On 11 February 2019 I set myself the challenging of reading 1001 Songs You Must Hear Before You Die by Robert Dimery (ed.) and following the book’s advice to the letter. I’ve previously read 1001 Films… and started 1001 Albums… but felt 1001 Songs… would be a sensible place to start for what I have in mind here.
My challenge is to read about one song per day and listen to it (YouTube and Spotify, I need you tonight!) before sharing my own thoughts. Some songs I will love, others I’ll hate, and I’m sure there will be those that leave me perplexed but listen to them I shall.
I’ll also try, and most likely fail, to pinpoint the best song from the 1001 on offer but I’m nothing if not foolhardy. Instead of one song, I’m predicting I’ll have about 100 favourites by the end and may have to resort to a Top 10 so far to maintain any semblance of sanity.
So long as I post everyday (including Christmas) then this challenge should come to an end on Wednesday 8 November 2021. Staying with the Barney Stinson theme I am hoping that the whole experience will prove to be…
The Byrds – Mr. Tambourine Man (1965)
We’re staying in the US today and we have a song written by Bob Dylan – Mr. Tambourine Man. The music legend’s original piece was a long affair with four verses that left many people scratching their heads speculating what it was all about. The song was popular but 1001 Songs has not gone with Dylan’s version. Instead, they have gone with The Byrds who took Mr. Tambourine Man and steered it in a completely different direction to Dylan, using only the second verse and chorus in their interpretation. It proved a big hit and was their breakthrough to stardom.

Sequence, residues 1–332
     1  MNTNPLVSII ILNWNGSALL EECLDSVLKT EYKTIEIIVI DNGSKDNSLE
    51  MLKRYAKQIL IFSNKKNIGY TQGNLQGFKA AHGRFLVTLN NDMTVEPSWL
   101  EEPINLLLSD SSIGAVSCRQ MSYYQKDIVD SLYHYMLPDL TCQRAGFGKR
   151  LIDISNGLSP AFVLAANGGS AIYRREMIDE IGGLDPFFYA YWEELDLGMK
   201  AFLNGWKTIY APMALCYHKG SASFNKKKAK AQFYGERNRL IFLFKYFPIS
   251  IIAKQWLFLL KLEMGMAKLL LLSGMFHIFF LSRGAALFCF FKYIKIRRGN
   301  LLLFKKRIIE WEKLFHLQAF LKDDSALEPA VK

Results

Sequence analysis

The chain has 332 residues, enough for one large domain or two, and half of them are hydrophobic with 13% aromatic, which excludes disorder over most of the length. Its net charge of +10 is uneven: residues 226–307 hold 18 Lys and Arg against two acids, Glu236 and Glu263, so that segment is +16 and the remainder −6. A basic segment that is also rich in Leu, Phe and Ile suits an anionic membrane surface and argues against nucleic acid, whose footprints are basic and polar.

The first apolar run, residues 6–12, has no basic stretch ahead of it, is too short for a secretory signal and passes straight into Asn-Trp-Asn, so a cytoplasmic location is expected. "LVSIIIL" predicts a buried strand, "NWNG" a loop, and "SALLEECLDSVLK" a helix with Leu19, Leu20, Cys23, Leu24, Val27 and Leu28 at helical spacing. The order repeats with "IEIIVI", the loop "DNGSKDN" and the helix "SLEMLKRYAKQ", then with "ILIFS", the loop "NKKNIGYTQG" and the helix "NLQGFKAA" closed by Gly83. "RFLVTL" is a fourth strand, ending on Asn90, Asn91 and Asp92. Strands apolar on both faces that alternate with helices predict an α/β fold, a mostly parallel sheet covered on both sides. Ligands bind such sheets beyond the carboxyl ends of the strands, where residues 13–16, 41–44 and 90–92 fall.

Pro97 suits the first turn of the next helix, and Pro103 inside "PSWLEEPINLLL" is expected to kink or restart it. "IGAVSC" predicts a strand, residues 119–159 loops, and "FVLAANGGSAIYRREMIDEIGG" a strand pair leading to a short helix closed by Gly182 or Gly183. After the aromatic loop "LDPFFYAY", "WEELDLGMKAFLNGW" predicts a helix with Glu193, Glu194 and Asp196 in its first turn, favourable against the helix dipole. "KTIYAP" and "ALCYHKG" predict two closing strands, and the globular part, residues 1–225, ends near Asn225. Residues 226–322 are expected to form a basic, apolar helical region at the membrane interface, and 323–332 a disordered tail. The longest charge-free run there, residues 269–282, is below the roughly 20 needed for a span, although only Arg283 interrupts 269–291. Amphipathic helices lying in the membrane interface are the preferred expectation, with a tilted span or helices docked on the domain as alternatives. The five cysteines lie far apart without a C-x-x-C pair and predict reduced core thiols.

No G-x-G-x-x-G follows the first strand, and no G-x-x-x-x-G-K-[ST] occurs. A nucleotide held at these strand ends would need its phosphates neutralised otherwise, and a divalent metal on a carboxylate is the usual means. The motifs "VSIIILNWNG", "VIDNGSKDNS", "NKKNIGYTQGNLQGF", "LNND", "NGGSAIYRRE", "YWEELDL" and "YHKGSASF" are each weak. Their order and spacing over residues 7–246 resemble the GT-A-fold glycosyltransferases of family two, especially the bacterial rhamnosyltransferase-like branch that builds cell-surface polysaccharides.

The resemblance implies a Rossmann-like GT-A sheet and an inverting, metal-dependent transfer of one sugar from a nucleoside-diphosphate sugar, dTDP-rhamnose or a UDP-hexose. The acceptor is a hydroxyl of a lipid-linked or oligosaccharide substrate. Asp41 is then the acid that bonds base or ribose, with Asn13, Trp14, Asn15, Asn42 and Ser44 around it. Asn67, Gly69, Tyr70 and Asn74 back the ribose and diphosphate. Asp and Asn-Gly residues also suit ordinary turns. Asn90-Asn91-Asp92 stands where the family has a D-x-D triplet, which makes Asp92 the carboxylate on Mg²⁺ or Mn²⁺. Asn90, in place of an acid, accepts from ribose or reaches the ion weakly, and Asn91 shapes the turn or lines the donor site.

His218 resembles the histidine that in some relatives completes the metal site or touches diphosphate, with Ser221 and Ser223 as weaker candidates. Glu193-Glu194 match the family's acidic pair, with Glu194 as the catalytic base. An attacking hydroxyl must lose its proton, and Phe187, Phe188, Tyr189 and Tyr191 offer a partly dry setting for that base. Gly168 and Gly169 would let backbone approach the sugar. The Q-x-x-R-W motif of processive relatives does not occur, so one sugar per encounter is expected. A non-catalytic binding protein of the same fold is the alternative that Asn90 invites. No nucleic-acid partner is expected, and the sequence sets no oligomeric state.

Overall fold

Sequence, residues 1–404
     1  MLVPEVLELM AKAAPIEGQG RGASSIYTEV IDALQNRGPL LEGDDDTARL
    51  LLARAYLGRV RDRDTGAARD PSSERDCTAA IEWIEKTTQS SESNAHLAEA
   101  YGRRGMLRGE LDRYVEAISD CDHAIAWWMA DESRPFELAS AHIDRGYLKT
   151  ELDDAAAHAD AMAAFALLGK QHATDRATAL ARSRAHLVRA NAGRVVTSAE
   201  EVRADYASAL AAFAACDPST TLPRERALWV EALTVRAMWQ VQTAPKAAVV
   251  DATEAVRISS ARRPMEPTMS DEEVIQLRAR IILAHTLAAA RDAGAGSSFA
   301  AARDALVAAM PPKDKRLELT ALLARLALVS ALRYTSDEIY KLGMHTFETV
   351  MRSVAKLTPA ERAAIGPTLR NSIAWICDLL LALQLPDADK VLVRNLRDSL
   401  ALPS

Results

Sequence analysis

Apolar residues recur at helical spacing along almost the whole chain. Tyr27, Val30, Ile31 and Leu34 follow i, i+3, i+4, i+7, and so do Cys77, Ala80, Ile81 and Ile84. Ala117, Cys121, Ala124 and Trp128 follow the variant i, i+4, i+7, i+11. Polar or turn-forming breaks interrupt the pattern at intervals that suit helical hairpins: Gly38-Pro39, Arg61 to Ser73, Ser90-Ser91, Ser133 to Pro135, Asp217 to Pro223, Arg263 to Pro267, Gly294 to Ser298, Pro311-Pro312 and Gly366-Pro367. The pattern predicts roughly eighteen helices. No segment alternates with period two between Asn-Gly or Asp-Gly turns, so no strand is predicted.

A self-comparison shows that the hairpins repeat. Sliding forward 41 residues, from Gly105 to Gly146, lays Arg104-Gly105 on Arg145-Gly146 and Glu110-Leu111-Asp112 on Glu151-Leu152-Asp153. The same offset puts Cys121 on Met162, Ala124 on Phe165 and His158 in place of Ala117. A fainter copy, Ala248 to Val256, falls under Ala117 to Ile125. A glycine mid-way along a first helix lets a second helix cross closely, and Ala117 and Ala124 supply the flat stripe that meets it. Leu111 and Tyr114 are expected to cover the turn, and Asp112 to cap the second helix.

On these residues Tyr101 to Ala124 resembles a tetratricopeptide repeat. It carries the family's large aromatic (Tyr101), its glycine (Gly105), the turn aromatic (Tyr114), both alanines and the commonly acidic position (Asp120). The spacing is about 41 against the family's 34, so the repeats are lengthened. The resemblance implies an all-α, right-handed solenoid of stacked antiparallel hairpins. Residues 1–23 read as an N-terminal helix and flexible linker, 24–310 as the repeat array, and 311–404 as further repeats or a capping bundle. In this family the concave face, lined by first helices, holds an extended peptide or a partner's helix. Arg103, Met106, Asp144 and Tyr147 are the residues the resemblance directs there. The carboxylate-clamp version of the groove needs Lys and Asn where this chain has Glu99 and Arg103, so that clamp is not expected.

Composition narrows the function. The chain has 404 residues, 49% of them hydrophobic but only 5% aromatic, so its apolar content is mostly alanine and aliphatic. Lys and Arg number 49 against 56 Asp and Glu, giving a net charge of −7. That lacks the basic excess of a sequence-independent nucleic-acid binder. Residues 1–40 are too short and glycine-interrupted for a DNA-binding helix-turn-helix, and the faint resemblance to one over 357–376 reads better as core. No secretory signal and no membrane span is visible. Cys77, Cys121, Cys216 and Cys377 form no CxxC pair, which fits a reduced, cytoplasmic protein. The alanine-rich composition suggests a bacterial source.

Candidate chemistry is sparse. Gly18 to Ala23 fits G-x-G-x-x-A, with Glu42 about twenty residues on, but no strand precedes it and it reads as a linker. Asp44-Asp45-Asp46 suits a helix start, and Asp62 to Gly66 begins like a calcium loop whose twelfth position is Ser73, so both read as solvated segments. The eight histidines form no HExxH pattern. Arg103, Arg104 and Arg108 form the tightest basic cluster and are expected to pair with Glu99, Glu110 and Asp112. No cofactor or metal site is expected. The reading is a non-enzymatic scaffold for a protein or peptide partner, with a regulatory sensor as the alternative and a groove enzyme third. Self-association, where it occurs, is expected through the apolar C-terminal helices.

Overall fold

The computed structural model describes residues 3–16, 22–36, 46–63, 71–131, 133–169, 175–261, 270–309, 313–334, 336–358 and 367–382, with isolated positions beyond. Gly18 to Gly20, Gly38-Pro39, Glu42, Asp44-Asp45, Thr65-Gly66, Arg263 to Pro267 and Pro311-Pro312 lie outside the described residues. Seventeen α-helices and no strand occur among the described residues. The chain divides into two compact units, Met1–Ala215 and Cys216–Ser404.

What is Mr. Tambourine Man all about? It’s hard to say and various interpretations have been offered. Bob Dylan was sadly not available for comment. The Byrds’ version has the narrator calling on Mr. Tambourine Man to play them a song as they can’t sleep and insist they will follow them. There is then talk of going aboard what sounds like a spaceship and how the narrator’s senses are somewhat nullified by the experience. This section has led to some suggesting Dylan is referring to drugs, an intergalactic trip, but he has denied this. Others have suggested the narrator is referring to a muse they need for inspiration and that this may be Mr. Tambourine Man. Dylan has cited various influences for the song such as poetry and the work of Italian director Fellini, one of my favourites. In a nutshell, this one is pretty perplexing. If you have a better idea, dear reader, feel free to share.
I’m usually unsure about cover versions of songs, often preferring the original recordings but The Byrds are an example of an artist that go about it the right way. Jeff Buckley is another with Hallelujah. The Byrds do their own thing with Mr. Tambourine Man and even though it is a condensed version of Bob Dylan’s original it deserves the many plaudits that it has enjoyed over the years. Rolling Stone magazine once placed both versions of the song on their 500 greatest ever songs which pretty much says it all.
Favourite songs so far:
Chuck Berry – Johnny B. Goode (1958)
Ritchie Valens – La Bamba (1958)
Eddie Cochran – Summertime Blues (1958)
The Everly Brothers – All I Have to Do Is Dream (1958)
Edith Piaf – Non, je ne regrette rien (1960)
Ben E. King – Stand By Me (1961)
The Righteous Brothers – You’ve Lost That Lovin’ Feeling (1964)
The Animals – House of the Rising Sun (1964)
The Mamas & The Papas – California Dreamin’ (1965)
The Rolling Stones – (I Can’t Get No) Satisfaction (1965)